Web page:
This op-ed was originally published by the Los Angeles Daily Journal.
Last month, The New York Times published an editorial calling on law schools to help fill the "justice gap" by training all law students in public advocacy. See N.Y. Times, "Addressing the Justice Gap" (Aug. 23). The "justice gap" represents America's failure to provide meaningful access to justice for low-income litigants. According to a report by the Carnegie Foundation, four-fifths of low-income people in the United States have little way to obtain the representation they need in order to succeed in our justice system. These litigants cannot afford a lawyer; without a lawyer, they stand little chance to win their cases.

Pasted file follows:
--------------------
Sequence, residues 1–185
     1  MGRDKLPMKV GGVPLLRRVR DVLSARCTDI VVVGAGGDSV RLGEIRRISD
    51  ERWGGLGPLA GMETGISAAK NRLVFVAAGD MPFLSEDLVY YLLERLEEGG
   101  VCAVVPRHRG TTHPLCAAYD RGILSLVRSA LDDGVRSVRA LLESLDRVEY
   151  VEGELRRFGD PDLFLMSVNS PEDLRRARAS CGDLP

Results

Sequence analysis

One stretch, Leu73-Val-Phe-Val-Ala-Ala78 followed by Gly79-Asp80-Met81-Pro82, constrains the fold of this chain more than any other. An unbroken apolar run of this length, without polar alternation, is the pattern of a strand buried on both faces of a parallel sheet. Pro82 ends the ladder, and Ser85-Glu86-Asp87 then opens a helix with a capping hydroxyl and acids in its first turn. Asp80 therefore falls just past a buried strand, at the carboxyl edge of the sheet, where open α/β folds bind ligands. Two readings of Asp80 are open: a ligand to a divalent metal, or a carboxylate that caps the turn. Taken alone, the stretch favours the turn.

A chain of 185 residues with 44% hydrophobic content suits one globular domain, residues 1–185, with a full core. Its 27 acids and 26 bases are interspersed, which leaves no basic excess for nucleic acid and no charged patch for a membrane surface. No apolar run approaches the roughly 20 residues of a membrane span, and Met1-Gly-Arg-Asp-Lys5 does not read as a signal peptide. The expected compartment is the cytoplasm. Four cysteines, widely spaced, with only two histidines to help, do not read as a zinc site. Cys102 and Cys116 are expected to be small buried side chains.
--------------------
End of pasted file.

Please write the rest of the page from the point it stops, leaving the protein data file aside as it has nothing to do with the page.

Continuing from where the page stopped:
While the Sixth Amendment provides indigent defendants in criminal cases with the right to appointed counsel (Gideon v. Wainright, 372 U.S. 335 (1963); Johnson v. Zerbst, 304 U.S. 58 (1938)), there is no such right in civil cases. Just this term, the U.S. Supreme Court held in Turner v. Rogers, 131 S.Ct. 2507 (2011), that even when a civil litigant faces incarceration for civil contempt, there is still no automatic right to counsel. So long as there are adequate procedures to govern the proceedings, civil litigants must provide for themselves.
The net result is that many people in society, often the most vulnerable among us, are unrepresented in the civil justice system. Among these individuals are immigrants, prisoners and those whose civil rights have been violated.